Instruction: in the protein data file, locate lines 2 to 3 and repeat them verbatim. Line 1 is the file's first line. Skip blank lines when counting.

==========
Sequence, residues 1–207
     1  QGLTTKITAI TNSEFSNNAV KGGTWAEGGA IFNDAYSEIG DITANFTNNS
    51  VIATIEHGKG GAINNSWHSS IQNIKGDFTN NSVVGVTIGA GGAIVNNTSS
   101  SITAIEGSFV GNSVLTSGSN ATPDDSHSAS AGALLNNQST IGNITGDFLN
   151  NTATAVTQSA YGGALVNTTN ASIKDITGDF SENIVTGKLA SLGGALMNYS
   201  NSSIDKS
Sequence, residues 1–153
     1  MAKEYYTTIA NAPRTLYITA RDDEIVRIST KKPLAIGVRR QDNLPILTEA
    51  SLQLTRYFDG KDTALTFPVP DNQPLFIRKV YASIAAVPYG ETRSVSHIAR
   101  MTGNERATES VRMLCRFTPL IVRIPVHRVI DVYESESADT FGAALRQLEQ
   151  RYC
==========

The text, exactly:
     1  QGLTTKITAI TNSEFSNNAV KGGTWAEGGA IFNDAYSEIG DITANFTNNS
    51  VIATIEHGKG GAINNSWHSS IQNIKGDFTN NSVVGVTIGA GGAIVNNTSS